“Crowdsourcing” – Is it Relevant?

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What is Crowdsourcing?  For those of us who operate in the world of sourcing and supply chain, it sounds familiar but may not have anything to do with sourcing or supply chain at all.  If you’re not familiar with the term, it is, as defined in Wikipedia, “the act of outsourcing tasks, traditionally performed by an employee or contractor, to an undefined, large group of people or community (a “crowd”), through an open call.”   The crowd is usually those who are most fit to perform tasks, solve complex problems and contribute with the most relevant and fresh ideas.  The phrase was coined by Jeff Howe, a contributing editor at Wired Magazine in his 2006 article entitled “The Rise of Crowdsourcing”.

Fox News published a very interesting story on Tuesday entitled “U.S. Gamers Crack Puzzle in AIDS Research that Stumped Scientists for Years” which described how the practice of Crowdsourcing has been taken to a whole new level.  The article explains how researchers at The University of Washington turned to online gamers to decipher the structure of a retrovirus protein which opened doors for a new AIDS drug design.  The researchers used a program called Foldit, which was created by the university to transform science problems into competitive computer games.  Gamers were challenged to use their three-dimensional problem-solving skills to build accurate models of a protein that plays a critical role in how some viruses multiply.  Within days, the gamers generated models that gave researchers an accurate portrayal of the enzyme’s structure to enable the researchers to design antiretroviral drugs.  The article points out the power of the process and the potential it has in solving a wide range of scientific problems. What I found fascinating is the rather odd connection between gaming and science.  Just imagine the potential in other arenas such as business, government (maybe we can crowdsource a new national health care plan?), non-profits, etc.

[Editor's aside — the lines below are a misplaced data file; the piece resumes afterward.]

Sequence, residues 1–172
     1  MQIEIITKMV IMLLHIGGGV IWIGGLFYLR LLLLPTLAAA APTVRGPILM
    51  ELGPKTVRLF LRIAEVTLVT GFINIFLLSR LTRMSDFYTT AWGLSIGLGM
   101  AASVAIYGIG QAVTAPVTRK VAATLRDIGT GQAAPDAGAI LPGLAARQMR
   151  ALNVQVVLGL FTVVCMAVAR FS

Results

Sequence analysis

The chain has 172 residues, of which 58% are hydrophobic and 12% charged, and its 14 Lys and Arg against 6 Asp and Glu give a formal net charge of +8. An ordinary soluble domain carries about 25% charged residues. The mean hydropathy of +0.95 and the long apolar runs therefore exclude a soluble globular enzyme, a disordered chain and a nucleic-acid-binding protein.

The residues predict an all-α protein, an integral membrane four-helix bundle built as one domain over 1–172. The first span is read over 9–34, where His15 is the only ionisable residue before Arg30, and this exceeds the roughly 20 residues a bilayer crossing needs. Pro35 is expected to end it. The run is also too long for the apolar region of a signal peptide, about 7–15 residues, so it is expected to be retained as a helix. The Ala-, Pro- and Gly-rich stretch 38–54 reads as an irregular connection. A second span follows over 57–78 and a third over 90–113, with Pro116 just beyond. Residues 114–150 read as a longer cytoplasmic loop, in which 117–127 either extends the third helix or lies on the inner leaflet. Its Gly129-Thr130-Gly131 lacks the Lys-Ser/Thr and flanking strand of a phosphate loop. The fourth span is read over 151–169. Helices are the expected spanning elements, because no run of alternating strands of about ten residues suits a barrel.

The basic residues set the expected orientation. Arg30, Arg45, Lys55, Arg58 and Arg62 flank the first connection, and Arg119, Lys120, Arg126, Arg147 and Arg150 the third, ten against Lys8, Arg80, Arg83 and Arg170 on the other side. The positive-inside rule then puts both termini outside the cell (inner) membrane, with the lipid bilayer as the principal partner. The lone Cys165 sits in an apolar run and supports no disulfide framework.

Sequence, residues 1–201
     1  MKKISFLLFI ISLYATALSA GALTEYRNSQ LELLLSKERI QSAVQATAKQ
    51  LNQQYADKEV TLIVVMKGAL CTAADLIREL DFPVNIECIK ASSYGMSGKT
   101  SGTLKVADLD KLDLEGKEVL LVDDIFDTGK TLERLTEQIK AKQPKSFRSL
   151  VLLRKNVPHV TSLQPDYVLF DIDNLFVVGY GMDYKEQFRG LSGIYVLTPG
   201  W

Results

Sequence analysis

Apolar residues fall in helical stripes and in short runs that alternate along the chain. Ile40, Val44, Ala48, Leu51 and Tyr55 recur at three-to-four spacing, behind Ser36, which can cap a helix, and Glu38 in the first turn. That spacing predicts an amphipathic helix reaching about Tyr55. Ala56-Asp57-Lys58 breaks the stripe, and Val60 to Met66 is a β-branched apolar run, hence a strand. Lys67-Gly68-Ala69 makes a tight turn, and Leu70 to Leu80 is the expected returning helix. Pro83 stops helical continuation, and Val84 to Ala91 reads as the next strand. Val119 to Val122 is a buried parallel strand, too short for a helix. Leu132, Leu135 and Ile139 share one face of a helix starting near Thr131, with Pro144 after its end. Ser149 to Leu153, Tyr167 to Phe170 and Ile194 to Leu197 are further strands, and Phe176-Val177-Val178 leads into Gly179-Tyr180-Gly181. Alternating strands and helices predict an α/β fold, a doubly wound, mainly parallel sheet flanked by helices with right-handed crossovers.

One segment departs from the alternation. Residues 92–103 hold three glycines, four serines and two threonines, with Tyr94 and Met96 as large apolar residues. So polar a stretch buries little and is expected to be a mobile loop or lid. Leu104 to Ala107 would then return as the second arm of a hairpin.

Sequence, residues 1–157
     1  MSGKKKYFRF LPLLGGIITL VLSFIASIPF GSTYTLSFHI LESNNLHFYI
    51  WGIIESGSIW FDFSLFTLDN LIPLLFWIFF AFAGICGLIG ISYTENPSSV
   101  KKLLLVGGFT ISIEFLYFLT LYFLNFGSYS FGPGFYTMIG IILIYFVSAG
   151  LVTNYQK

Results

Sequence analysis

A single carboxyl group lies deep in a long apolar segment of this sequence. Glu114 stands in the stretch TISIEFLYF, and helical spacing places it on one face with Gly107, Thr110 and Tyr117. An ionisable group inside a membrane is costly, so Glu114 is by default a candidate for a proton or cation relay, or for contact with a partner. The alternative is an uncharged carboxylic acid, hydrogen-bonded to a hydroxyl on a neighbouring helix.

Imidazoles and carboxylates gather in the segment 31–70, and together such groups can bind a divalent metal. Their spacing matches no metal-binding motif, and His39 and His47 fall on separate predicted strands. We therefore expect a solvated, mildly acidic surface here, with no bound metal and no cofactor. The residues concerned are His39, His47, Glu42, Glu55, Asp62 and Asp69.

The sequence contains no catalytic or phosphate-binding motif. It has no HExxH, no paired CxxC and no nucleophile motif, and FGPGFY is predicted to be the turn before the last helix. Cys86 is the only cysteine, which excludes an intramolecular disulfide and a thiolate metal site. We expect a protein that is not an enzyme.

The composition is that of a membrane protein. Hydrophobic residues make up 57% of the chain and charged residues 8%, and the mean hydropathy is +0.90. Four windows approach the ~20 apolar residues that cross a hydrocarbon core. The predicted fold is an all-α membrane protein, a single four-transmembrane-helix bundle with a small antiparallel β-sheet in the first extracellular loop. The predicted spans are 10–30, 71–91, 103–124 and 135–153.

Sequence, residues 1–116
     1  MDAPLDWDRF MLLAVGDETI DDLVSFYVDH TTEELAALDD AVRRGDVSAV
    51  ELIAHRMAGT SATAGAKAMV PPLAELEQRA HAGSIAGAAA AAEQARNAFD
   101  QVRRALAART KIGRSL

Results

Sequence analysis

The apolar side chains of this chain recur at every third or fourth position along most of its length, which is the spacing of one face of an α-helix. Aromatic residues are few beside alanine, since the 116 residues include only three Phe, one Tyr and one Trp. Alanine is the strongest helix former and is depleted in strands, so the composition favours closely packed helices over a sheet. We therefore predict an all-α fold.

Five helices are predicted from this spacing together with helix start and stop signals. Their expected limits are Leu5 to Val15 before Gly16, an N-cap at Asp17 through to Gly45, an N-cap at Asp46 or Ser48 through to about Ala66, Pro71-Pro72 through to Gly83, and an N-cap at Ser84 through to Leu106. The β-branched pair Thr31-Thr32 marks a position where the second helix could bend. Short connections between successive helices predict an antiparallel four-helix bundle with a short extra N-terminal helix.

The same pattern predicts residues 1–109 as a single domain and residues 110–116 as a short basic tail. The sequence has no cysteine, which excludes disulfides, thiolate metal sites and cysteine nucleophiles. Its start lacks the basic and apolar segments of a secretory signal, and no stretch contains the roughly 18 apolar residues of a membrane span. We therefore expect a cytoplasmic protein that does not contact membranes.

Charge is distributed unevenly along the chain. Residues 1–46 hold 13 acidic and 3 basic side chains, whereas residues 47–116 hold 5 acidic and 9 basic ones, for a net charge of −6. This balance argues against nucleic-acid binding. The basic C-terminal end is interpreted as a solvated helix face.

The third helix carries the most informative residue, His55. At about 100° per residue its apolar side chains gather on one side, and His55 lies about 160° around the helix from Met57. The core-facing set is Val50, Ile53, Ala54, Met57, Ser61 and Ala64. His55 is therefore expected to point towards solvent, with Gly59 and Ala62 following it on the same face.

As I started to do some research, I learned that crowdsourcing is hardly new.  In a nutshell, it is a form of mass collaboration.  Microsoft has been using this technique for years in helping build new applications.  They used crowdsourcing to develop Office 2010 and recently launched a crowdsource blog to help them develop the next version of Windows.   Apple has also used crowdsourcing to create the specifications for the iPad and many of its applications.  The list goes on to include family searches, idea contests, product branding, product design, the search for aviator Steve Fossett (50,000 participated).

Some Perceived benefits of crowdsourcing include the following:

  • Problems can be explored at comparatively little cost, and often very quickly.
  • Payment is by results or even omitted.
  • The organization can tap a wider range of talent than might be present in its own organization.
  • By listening to the crowd, organizations gain first-hand insight on their customers’ desires.